When the world gets closer.

We help you see farther.

Sign up to our expressly international daily newsletter.

Why are Chinese people so reluctant to spend money?
Why are Chinese people so reluctant to spend money?

-Editorial-

BEIJING - It is a well-known fact that Chinese people don't like to spend money. Since the 1998 financial crisis, China's policy makers have been trying to expand domestic demand, and in particular Chinese consumption, to let the "caged tiger" loose.

In other words, it is time that people dig into their savings.

Since 1998, the tiger is still in the cage and the government has not seen the result it was hoping for. Consumption as a share of GDP has not grown significantly, while the caged tiger seems to be growing fatter and fatter. China’s growth is investment-led -- not consumption-led.

In his last work report as Chinese Premier, Wen Jiabao said the challenge was to expand domestic spending. He said that the succeeding government should “enhance people's ability to consume, keep their consumption expectations stable, boost their desire to consume, improve the consumption environment and make economic growth more consumption-driven.”

Why are Chinese people so reluctant to spend money? Because they haven't got much money. And why haven't they got money? One of the major reasons is because the balance of China's national income is tilted to the side of government and enterprises. According to statistics, between 1990 and 2010, the per capita income of Chinese urban and rural residents only increased 10.4 times while China's total national income increased more than 20 times.

Between 1995 and 2008, the per capita income dropped from 55 % to 42% and the GDP per capita dropped by 12% while the corporates profit in GDP share went up by more than 9%.

Had the government’s share of the pie – our national income – been invested through fiscal expenditure on social security, the Chinese people would be less worried about the future and would dare to spend more. Unfortunately, the reality is that though China's financial investments in people's livelihood have gradually increased in the past few years, we have yet to find a solution for social security issues – healthcare, pensions and education. In this country, people face huge pressures in regard to education and housing costs. It is no wonder that people don't spend any money.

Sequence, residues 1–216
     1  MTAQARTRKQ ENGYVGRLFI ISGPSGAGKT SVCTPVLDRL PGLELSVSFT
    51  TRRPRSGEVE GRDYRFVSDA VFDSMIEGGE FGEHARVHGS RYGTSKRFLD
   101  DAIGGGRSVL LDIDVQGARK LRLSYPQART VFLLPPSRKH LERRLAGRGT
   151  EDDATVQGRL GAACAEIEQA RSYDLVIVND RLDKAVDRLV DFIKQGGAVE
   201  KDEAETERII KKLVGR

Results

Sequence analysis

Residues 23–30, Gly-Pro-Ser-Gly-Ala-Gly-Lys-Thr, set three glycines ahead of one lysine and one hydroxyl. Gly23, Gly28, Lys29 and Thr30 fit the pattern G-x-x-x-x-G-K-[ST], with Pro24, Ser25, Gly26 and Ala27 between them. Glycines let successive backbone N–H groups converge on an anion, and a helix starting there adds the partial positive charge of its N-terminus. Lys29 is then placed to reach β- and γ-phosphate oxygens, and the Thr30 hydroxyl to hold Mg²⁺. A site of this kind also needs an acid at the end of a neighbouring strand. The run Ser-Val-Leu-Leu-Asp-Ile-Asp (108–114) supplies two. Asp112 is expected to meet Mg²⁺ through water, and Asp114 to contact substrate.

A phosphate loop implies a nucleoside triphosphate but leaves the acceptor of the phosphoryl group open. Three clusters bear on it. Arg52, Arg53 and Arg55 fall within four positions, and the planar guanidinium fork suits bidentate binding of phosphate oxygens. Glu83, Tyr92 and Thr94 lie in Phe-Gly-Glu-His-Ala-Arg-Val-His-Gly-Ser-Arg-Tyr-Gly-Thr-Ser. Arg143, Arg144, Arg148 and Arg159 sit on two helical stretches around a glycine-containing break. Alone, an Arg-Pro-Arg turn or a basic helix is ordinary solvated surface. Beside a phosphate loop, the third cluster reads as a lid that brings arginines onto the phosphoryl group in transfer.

The fine are of wealth creation

Increasing consumption is not about creating a national pie, it is about the government finding ways to share the pie. During the 18th National Congress of the Chinese Communist Party last autumn, China's policymakers promised that the government would double both its 2010 GDP and its per capita income by 2020.

According to experts, if you take into account the inflation, for this to be achieved, per capita income growth has to exceed GDP growth. In other words, as long as the pie is not being shared, even if China's GDP continues to rise at a relatively high speed; the per capita income will not double by 2020.

Take Japan as a comparison. When Japan set the goal of doubling its per capita income between 1960 and 1970, its average per capital income grew at a rate of 11.5% annually – 1% more than its average GDP growth. Japan managed to reach to its target within seven years.

So what is the best way to share the pie? We believe that, first, wages have to increase and that the wage share of GDP has to increase too. Second, during the secondary distribution process, the population’s burden has to be reduced through tax reform.

Recently a Chinese tax official said that there is no more space to continually raise China's personal income tax threshold. A lot of complaints about the Chinese taxation system are due to the fact that it doesn’t take into consideration marital status, total household income and the number of dependents. The result is that the concession rate (deduction) doesn't fully reflect the taxpayers' burden. If the current classified income tax system can be changed to a comprehensive (integrated) income tax system, then the levy on ordinary people will be lightened.